Although in ruins, the ancient capital of Persia, founded by Darius I (died 486 BCE) and partially destroyed by Alexander the Great in 331 BCE, still conveyed some idea of its former splendour. Ker Porter was not disappointed. On ascending the platform on which the ‘Palace of Forty Pillars’ rose, he mused: ‘nothing can be more striking than the view of its ruins; so vast, and magnificent, so fallen, mutilated and silent.’ 

At first sight, he thought the ruins betrayed Egyptian influence, but such was the exquisite carving of the friezes he believed that Grecian artistry could be discerned.

The ruins of Persepolis, the great city-palace of the Achaemenid Empire, had yet to be fully excavated when Porter visited the site in 1818. / British Library, Creative Commons

He was also particularly impressed by the human-headed winged bulls. He spent a week at the site, making meticulous copies of everything he saw, before, on 1 July 1818, setting out for Shiraz. His account of Shiraz concludes the first volume of his Travels.

The ‘lamassu’, or winged bull, was originally a symbol of the Assyrian Empire, later adopted by the Achaemenid rulers as seen here in the propylaea at Persepolis. / British Library, Creative Commons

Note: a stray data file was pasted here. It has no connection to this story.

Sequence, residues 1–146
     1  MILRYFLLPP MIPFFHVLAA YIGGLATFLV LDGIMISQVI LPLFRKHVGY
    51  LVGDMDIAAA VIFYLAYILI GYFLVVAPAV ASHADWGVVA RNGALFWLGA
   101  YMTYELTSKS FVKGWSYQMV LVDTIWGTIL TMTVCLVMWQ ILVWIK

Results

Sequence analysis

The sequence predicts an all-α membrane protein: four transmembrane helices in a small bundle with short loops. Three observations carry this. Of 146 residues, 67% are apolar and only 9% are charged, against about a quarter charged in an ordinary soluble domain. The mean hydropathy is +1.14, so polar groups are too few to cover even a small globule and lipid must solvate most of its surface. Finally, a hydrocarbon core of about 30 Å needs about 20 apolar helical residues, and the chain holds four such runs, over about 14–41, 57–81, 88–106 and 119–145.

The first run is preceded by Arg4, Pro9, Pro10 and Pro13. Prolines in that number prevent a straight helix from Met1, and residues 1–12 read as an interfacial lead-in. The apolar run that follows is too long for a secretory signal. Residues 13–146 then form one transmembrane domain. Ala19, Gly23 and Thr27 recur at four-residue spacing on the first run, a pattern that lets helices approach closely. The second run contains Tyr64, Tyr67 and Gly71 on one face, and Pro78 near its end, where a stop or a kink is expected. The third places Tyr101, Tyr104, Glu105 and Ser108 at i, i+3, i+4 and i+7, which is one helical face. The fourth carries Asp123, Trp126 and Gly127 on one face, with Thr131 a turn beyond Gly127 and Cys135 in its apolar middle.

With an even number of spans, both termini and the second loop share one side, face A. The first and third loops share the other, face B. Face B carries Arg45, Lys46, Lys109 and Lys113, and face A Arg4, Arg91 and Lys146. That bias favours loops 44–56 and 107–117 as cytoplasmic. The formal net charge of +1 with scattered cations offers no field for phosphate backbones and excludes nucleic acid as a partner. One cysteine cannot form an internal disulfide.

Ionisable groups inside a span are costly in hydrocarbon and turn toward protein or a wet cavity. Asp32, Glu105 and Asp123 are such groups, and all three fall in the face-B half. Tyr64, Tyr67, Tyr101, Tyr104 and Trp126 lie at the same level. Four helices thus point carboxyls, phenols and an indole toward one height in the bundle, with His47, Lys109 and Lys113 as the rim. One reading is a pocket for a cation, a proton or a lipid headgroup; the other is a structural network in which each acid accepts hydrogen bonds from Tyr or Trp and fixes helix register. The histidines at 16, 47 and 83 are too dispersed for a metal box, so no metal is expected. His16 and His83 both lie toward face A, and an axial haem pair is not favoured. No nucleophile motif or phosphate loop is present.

Returning to Isphahan, he then travelled on through Hamadan. This, as Ecbatana, had been the ancient capital of Media though no evidence of its ancient grandeur now remained. On 21 September 1818 he reached Bisitun [Be-sitoon/Behistun] east of Kermanshah. Here, there was a great bas-relief on the rockface. It was difficult to approach and Ker Porter did so with some peril to himself. He thought it showed Salamaneser [Shalmaneser], King of Assyria, destroying the Kingdom of Israel in 722 BCE. 

In fact, it portrays Darius I overcoming his enemies and gives an account of his reign in three languages, Old Persian, Elamite, and Babylonian. This is often called the Rosetta Stone of cuneiform. Ker Porter realised the importance of the texts and regretted so little progress had been made towards deciphering ‘these apparently oldest letters in the world’. He recognised that, when they were deciphered, ‘what a treasure-house of historical knowledge would be unfolded here’. Crucially, however, he did not copy the inscriptions himself. He thought that to do so accurately would have taken him a month and could only be accomplished at great personal risk.

This relief has been referred to as the Rosetta Stone of cuneiform, an ancient system of writing. Porter’s watercolour does not include the important inscription. / British Library, Creative Commons